means-end analysis
problem solver determines what measures would reduce the difference between the given state and the end goal. once you know what it take to reach the goal your problem has been solved
creating subgoals
large goal is broken down in to obtainable small goals
what are the 5 barriers to problem solving?
mental sets, functional fixedness, conformation bias, availability and representativeness heuristic
mental sets
persisting in using problem solving straggles that have worked in the past rather then bring new ones?
functional fixedness
tendency to think of an object functioning only in it usual or customary way
confirmation bias
preferring information that confirms preexisting positions or beliefs, while ignoring or discounting contradictory evidence
availability heuristic
judging the likelihood or probability of an event based on how readily available other instances of the event are in memory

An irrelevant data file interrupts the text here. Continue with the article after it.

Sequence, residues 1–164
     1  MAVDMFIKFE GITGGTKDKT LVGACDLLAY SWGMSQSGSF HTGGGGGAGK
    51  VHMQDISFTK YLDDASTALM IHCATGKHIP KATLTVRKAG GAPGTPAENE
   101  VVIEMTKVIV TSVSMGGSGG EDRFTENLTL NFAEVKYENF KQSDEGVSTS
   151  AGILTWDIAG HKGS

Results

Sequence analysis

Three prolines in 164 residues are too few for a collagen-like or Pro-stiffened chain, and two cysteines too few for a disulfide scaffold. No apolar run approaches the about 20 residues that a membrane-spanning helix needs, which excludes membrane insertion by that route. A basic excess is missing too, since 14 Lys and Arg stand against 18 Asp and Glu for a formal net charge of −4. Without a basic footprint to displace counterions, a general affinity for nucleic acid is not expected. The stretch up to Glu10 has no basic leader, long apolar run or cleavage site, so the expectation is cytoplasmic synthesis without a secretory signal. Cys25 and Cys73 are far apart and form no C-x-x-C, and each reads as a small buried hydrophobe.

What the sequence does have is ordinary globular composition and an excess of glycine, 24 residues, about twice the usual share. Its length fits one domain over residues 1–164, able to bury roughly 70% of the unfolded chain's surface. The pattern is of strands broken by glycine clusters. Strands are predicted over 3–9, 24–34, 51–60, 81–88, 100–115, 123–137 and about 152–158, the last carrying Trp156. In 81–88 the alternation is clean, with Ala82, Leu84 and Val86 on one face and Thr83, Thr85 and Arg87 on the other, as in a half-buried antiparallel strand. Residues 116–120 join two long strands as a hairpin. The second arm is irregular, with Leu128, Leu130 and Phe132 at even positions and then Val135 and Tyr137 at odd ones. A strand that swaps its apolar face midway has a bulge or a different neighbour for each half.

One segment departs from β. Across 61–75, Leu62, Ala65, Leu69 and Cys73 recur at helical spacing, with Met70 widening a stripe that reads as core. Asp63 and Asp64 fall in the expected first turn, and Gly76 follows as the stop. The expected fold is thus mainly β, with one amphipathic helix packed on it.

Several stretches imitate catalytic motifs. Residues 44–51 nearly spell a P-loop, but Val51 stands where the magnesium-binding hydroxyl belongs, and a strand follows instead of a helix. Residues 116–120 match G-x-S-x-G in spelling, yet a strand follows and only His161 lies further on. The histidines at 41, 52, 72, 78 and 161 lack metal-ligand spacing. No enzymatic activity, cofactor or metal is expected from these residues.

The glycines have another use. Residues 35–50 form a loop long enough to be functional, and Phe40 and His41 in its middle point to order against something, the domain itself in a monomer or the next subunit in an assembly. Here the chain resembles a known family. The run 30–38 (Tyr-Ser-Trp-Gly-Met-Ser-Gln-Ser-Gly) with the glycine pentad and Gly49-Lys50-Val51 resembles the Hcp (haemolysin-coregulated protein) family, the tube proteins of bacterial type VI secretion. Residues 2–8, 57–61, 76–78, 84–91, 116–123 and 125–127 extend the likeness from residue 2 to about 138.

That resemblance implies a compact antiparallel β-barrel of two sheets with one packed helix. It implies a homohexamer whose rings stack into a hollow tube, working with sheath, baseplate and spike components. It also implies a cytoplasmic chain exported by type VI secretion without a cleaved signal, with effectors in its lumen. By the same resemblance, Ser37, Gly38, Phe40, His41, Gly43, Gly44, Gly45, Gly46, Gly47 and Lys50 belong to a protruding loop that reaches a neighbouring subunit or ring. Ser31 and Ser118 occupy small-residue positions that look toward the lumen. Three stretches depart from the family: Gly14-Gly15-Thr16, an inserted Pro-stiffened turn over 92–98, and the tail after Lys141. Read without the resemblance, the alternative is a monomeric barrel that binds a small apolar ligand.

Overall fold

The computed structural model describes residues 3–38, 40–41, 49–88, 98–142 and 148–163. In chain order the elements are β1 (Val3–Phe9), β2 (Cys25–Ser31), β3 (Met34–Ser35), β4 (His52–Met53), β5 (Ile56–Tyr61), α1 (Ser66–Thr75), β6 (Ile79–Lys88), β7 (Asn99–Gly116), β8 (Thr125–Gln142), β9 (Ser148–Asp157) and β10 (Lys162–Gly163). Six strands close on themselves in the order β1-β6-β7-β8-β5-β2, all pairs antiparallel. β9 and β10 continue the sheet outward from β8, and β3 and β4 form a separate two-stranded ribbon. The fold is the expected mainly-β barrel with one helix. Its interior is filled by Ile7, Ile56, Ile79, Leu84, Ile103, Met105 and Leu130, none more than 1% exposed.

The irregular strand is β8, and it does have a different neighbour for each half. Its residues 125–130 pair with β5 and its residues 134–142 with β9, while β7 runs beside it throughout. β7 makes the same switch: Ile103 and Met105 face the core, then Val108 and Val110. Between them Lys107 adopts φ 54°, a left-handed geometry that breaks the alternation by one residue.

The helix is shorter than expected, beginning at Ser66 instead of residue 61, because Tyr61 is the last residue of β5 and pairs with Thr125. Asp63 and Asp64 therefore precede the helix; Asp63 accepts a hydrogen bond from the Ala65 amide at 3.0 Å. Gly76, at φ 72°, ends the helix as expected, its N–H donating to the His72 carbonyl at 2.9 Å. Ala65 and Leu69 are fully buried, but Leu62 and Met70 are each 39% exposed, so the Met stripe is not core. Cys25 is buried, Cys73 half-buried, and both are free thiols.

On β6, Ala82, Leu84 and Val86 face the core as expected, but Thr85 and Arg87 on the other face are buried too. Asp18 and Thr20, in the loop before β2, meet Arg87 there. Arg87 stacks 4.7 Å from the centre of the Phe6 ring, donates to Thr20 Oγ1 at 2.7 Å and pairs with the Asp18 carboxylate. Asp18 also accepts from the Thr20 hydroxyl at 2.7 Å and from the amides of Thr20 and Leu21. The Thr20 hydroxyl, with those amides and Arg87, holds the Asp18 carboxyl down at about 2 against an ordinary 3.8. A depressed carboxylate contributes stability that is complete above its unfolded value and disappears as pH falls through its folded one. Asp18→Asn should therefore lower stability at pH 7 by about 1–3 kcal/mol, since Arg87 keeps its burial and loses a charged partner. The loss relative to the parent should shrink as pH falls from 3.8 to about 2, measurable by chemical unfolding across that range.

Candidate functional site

representativeness heuristic
estimating the probability of something based on how well the circumstance matched a previous protoype
how does a person overcome a mental set?
literally "think outside the box"
expecting to buy a hamburger when you go past mcdonalds is an example of which problem solving barrier?
representativeness heuristic
creativity
ability to produce valued outcomes in a novel way
what are the three elements of creativity?
originality, fluency, flexibilty
originality
seeing unique or different solutions to a problem
fluency
generalizing a large number of possible solutions
flexibility
shifting with ease one type of problem solving strategy to another
how is creativity measured?